ARM project: Week 1
Electronic dice in Verilog

ARM project home | Tasks (weeks): 1 | 2 | 3 | 4

Setting up the project

First create a new directory for the first part of this workshop in your filespace for the project, perhaps called w1/tlights/. Into this, download the files:

Verilog source file. For your reference, this circuit simulates a set of traffic lights that cycle through a sequence of Red, Red+Amber, Green, Amber, as illustrated in the first example of Simon Moore's ECAD lecture notes.
Quartus settings file, including the mapping between pins and signal names.

Sometimes (for some reason best known to itself), Internet Explorer adds "(1)" to the end of file names when you download them—make sure you don't save them with this.

Editing the verilog source

You should now open the Quartus II program from the Start menu (it's in Teaching Packages | Computer Laboratory and called Quartus 4.0 on the PWF). Start by creating new project using File | New Project Wizard . At each step enter these settings:

Page 1 Working Directory: U:/arm/w1/tlights (your directory containing tlights.v and tlight.qsf)
Name of project: tlights
Top level entity: tlights
Page 2, 3 No Changes
Page 4 Family: Flex10K
Target Specific Device: Yes
Page 5 Speed Grade: 4 (you must choose this first)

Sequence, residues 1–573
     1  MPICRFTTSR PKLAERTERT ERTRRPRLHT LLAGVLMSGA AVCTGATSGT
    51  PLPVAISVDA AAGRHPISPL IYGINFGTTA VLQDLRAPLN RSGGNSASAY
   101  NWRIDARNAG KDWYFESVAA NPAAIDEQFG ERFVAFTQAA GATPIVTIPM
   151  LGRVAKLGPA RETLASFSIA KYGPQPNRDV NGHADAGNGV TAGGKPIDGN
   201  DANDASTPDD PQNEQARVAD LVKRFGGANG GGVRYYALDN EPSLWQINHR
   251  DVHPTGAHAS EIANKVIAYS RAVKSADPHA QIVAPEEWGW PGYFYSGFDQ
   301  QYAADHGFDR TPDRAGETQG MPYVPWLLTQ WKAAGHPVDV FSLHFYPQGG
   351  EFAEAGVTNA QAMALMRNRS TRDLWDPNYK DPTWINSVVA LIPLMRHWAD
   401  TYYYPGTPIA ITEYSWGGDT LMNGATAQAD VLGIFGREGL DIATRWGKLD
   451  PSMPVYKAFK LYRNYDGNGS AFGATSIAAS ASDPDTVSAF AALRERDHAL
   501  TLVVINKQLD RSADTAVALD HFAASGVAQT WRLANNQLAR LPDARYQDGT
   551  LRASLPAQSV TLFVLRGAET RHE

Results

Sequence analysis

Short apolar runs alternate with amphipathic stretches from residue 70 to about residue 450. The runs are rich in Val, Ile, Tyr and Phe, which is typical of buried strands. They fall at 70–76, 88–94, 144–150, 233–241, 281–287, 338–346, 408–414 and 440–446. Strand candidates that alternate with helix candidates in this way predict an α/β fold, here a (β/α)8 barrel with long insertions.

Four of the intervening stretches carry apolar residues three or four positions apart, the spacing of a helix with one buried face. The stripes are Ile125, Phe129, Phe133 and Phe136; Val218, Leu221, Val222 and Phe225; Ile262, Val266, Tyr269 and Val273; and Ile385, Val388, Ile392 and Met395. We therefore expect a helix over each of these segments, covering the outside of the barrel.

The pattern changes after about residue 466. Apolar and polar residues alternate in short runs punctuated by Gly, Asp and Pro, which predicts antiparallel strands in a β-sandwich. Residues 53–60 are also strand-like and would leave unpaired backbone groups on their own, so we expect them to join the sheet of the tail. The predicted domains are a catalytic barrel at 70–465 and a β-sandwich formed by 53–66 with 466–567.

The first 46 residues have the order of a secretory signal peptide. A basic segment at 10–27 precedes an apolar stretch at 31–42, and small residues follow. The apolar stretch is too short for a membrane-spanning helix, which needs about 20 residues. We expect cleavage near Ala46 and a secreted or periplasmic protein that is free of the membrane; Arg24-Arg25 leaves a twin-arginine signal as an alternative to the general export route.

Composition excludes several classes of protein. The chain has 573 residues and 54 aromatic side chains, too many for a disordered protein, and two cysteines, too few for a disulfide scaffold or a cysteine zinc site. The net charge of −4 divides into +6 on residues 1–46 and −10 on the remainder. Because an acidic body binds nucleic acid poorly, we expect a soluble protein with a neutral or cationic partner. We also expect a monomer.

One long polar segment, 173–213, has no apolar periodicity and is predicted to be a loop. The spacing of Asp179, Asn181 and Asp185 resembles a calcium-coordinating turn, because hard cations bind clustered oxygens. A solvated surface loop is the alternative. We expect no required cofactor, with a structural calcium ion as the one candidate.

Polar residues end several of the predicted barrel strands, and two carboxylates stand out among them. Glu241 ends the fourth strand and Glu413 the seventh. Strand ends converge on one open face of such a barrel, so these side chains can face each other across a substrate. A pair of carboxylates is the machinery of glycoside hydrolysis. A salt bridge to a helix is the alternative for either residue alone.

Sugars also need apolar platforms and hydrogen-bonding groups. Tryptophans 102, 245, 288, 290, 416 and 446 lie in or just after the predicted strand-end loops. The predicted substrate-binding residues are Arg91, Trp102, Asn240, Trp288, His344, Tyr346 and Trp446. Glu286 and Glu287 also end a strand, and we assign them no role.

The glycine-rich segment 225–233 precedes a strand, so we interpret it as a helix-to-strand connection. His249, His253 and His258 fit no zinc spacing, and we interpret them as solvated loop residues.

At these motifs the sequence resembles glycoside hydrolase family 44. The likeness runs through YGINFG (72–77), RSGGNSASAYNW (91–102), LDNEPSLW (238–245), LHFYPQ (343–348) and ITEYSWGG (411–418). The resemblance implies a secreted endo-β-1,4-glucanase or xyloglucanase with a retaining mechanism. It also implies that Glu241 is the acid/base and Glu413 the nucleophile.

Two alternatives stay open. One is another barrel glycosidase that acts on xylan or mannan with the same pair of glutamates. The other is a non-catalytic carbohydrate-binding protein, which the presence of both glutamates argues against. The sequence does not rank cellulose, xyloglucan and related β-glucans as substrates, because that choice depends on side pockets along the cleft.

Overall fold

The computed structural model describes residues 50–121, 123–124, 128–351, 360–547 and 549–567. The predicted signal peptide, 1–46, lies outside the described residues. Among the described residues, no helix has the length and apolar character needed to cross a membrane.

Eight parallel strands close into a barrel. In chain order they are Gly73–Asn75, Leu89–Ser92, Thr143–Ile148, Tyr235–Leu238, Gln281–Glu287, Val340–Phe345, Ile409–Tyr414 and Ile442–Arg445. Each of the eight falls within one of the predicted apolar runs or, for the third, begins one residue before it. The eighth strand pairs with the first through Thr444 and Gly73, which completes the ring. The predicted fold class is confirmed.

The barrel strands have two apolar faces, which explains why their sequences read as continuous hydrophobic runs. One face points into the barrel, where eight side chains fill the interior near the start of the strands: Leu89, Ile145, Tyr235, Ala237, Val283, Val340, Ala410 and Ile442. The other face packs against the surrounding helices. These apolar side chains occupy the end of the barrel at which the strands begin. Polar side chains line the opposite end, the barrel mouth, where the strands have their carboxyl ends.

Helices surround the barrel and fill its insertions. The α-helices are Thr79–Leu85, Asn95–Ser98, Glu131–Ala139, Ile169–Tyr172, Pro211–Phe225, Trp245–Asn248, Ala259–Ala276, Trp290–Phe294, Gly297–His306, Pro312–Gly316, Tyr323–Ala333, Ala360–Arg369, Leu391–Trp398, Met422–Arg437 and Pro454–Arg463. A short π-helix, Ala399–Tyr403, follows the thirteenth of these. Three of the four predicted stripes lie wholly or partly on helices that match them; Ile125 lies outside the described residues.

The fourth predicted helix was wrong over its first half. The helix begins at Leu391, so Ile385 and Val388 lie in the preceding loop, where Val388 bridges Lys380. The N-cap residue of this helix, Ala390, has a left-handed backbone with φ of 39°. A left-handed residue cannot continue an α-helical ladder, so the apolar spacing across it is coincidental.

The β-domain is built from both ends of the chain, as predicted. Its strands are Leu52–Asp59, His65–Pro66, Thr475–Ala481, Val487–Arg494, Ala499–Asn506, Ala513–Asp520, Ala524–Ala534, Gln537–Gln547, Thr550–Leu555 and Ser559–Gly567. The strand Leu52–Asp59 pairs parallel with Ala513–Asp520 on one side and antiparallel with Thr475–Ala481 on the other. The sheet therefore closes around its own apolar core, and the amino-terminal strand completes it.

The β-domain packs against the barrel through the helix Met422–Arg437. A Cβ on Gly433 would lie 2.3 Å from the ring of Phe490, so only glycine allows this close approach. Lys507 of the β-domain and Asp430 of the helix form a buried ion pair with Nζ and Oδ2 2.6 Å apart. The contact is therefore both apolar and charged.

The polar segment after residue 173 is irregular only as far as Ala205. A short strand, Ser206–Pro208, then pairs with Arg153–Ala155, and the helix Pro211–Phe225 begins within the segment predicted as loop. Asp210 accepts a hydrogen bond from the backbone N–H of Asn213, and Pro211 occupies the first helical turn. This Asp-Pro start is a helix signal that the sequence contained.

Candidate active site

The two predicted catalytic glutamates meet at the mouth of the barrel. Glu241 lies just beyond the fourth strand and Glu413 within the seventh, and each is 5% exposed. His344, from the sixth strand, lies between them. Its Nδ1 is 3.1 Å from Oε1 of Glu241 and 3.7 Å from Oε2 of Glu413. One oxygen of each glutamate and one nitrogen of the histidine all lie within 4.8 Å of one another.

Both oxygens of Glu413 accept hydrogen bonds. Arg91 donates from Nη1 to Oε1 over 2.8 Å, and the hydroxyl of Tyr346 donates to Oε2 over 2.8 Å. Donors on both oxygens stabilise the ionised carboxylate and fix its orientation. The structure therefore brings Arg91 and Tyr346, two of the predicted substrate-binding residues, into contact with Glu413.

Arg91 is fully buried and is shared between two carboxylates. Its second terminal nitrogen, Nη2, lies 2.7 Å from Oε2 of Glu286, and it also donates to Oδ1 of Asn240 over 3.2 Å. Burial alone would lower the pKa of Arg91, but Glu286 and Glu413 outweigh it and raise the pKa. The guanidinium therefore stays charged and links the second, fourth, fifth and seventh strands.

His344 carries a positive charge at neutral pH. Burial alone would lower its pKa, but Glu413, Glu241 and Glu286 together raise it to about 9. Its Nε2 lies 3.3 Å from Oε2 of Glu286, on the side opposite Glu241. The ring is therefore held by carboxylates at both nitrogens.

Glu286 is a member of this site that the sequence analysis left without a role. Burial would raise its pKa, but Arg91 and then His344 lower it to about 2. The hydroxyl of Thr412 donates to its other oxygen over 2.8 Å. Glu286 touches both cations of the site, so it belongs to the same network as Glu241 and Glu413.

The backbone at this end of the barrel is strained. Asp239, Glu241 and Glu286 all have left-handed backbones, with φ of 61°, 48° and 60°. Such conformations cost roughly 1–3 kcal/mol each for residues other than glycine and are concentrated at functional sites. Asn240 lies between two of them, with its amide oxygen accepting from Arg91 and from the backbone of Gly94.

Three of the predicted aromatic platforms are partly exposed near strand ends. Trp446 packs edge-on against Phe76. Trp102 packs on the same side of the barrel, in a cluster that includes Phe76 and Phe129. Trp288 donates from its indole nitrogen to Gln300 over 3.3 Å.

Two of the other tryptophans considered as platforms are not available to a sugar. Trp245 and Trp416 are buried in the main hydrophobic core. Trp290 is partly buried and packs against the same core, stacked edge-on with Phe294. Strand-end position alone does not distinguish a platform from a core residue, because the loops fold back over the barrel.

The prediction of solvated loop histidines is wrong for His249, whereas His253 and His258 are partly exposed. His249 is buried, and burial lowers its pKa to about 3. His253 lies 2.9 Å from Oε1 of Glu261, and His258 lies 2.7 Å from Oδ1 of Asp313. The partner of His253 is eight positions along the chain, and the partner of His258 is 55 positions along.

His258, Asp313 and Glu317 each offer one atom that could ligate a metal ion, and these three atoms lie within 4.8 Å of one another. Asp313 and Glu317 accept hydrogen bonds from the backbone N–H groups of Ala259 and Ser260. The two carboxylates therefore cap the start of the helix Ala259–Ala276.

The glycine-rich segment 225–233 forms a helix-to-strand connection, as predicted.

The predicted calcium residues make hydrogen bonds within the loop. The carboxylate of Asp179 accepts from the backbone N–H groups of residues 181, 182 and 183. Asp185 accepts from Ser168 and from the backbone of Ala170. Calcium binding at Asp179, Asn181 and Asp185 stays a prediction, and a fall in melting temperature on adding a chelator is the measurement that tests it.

Device: EPF10K20RC240-4

To open the project later use the File | Open Project dialogue box.

Notice that a hierarchy window has opened containing an entry named tlights - this represents the Verilog source file. Double click it to open the file in an editor.

Pin and device assignments and the .qsf file

The file tlights.qsf contains the pin and device assignments. It would be instructive for you to check these yourself by following this proceedure:

  1. The type of chip designated to a design can be viewed using the Assignments | Device dialog. This should be correct already, but it is as well to check. We will be using an EPF10K20RC240-4. The box should look like this:

    Device settings dialog box

  2. Next, while we're here, take a look at the Assignments | Assign Pins dialogue box. Again, this should already be correct but note that each of the ports of the top-level module has been assigned a pin number, to correspond with the pins which are actually connected to things on the board. The dialogue box will look like this:

    Pin/Location/Chip dialog box

    If there are no pins named led, check that the title bar of the Quartus II window indicates the right project name—it should be the same as the path to tlights.qsf, without the .qsf extension— for example U:/arm/w1/tlights/tlights. If it isn't, you may have forgotten to download the .qsf settings file. Close the Assignments | Assign Pins dialogue box and start again.

    Alternatively click on the Assignment Editor button Assignment Editor button followed by the Pin button Pin button located in the upper right of the window.

    When you assign pins in the future, you'll need to make sure you've assigned the right sort of device beforehand.

These assignments are saved in the tlights.qsf file. You may wish to open it and have a look. For a large number of pin assignments, it is much easier to edit this file than to use the dialogue box.

Compiling the project

We can now compile the project. Start the compiler by choosing Processing | Start Compilation, or clicking on the shortcut button, which looks like this: Compile button

The software should now compile the design. During compilation a number of warning are shown at the bottom of the screen in the Messages Window. These complain about the fact that we have made pin assignments. You can ignore this.